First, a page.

As exemplified here, the challenges are varied and complex, but we stand to make good headway with emerging technological developments and a willingness to change. However, policymakers are required to support the growth of bus electrification.

Push for stronger support from policymakers

There are several ways that the bus sector could benefit from the additional support of policymakers, some of which the government is already considering.

There are several initiatives that have proved to be successful and could be expanded, including the Ultra Low Emission Bus Scheme (ULEB) and the Zero Emission Bus Regional Areas (ZEBRA) scheme.

The second round of ZEBRA funding awards was announced in March, which made £143m available for transition to zero-emission buses, with battery electric projects being the majority.

electric buses
© shutterstock/Scharfsinn

A key area that needs to be addressed is the high upfront costs associated with EV fleet electrification. Increasing funding and incentives such as grants and tax breaks will make the move to zero-emission fleets more accessible to operators.

Furthermore, the government could consider creating key partnerships with financial institutions to provide financing solutions like low-interest loans customised to bus operators’ requirements.

The government also has a role to play in integrating rapid charging stations that cater specifically to commercial vehicles, such as fleets, buses, and coaches.

This approach will ensure that these high-use vehicles can operate efficiently and sustainably, promoting widespread adoption of electric vehicles in critical transportation sectors and significantly reducing carbon emissions.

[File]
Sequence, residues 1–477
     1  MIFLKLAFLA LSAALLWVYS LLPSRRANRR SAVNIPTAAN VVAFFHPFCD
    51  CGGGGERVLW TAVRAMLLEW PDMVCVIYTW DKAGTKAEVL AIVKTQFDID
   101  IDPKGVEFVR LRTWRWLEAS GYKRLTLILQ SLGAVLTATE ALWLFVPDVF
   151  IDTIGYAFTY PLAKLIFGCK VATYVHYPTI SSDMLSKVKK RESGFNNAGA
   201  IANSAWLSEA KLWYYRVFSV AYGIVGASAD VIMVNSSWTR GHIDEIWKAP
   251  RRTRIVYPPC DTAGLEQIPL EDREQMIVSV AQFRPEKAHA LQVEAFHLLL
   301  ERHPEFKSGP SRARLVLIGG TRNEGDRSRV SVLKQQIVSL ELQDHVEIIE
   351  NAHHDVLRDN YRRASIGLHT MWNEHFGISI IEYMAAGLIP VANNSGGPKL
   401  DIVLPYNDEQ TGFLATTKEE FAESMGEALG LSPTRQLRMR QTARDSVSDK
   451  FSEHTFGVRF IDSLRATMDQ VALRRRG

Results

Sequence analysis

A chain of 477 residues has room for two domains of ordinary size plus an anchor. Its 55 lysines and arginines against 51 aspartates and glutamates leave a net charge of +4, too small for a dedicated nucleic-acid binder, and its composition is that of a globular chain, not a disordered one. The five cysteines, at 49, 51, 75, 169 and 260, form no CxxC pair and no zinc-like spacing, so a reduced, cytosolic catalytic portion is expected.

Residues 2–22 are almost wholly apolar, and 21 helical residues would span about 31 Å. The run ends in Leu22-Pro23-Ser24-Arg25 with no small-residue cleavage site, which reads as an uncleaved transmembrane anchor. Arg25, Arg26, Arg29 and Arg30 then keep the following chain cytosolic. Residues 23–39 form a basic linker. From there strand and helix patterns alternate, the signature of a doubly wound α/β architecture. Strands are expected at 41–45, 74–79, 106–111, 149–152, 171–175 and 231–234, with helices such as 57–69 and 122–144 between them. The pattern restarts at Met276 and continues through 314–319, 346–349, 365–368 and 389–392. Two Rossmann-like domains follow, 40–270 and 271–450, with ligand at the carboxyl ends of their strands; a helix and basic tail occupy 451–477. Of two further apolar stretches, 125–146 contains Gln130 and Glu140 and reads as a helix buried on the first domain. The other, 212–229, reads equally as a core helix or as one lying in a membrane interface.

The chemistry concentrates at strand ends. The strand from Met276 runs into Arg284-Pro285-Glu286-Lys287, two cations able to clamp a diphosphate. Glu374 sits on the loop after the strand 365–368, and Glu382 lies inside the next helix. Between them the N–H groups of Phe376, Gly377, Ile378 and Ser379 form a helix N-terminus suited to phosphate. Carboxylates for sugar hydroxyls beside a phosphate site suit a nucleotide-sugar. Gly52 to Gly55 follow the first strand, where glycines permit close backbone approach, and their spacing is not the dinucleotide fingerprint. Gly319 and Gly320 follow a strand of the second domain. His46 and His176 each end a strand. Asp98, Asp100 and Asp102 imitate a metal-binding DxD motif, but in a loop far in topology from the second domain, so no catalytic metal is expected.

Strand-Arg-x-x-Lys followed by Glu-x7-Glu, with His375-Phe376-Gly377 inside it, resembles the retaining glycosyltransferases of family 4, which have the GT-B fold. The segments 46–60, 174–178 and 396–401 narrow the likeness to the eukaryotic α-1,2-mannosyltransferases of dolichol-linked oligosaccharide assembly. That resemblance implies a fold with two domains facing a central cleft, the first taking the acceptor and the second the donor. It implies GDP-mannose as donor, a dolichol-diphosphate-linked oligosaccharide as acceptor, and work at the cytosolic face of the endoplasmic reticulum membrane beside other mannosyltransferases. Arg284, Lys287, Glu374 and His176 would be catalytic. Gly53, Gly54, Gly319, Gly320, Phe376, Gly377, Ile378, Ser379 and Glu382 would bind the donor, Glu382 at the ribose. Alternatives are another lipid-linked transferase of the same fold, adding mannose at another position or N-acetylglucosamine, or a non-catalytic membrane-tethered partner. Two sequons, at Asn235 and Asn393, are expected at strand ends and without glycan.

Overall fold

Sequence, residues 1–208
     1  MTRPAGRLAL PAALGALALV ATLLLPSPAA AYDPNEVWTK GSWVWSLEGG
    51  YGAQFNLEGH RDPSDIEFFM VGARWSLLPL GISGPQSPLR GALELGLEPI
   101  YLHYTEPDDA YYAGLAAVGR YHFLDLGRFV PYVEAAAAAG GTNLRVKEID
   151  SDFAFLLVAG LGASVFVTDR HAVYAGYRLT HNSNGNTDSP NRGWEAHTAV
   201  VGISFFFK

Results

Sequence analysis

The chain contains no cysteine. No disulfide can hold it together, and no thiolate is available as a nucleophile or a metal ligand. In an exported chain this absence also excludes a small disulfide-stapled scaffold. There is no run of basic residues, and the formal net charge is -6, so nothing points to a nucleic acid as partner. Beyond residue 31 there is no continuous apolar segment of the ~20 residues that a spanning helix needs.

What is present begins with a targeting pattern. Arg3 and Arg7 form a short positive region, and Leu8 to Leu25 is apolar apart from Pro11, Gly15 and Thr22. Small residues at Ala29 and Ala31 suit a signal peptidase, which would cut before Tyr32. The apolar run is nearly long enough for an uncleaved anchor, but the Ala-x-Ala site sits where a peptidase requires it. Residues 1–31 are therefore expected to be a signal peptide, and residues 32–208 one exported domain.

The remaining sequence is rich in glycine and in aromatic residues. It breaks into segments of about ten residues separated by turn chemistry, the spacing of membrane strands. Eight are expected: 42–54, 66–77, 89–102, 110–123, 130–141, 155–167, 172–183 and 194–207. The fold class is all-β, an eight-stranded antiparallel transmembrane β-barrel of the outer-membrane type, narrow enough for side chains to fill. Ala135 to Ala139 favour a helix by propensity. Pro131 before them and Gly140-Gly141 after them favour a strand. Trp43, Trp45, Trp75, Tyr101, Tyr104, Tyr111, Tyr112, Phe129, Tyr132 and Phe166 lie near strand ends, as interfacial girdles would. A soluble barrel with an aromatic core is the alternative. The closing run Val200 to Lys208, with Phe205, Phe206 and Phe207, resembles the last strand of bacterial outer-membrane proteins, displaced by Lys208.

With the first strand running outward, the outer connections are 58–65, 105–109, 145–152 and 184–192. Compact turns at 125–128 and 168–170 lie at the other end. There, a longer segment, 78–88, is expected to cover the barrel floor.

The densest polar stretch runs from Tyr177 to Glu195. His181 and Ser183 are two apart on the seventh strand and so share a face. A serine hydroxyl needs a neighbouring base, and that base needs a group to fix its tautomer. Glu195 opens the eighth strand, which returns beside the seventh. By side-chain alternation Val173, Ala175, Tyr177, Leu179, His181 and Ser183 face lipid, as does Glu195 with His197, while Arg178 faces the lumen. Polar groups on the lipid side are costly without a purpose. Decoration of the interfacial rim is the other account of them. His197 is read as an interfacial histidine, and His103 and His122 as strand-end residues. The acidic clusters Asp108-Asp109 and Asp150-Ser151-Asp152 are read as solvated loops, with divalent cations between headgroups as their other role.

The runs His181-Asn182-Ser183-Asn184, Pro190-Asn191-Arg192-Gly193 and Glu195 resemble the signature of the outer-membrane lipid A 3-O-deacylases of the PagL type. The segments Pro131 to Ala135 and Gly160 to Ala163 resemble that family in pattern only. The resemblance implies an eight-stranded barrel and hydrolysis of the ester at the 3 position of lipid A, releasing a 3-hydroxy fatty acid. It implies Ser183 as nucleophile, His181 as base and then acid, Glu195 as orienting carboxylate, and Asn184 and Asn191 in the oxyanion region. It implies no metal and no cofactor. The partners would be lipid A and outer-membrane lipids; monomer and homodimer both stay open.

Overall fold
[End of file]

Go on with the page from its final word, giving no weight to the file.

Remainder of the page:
Regarding regulatory hurdles, the UK government’s continued work with industry stakeholders via ZEMO, CPT, and other task forces will help streamline permitting processes and establish standardised regulations for electric bus operations. This includes simplifying licensing requirements, establishing uniform safety standards for battery handling, and providing guidance on procurement practices.

Finally, local investment into electrical infrastructure at bus depots, as well as exploring options for load management and energy storage solutions, would work to address the limited power supply.

The government could support this by providing grants or subsidies for depot electrification projects and incentivising the adoption of smart grid technologies, which enable the development of intelligent charging infrastructure that goes beyond simply delivering electricity to EVs.

Accelerating the shift towards electric buses

Transitioning to electric buses is an important step towards creating sustainable transportation and will ultimately be an essential tool for combating climate change and improving air quality in urban areas. Substantial progress is already being made, and critical changes are being made to infrastructure.

To overcome these challenges, a combination of government support and technical innovations will be essential to make eBus adoption more accessible.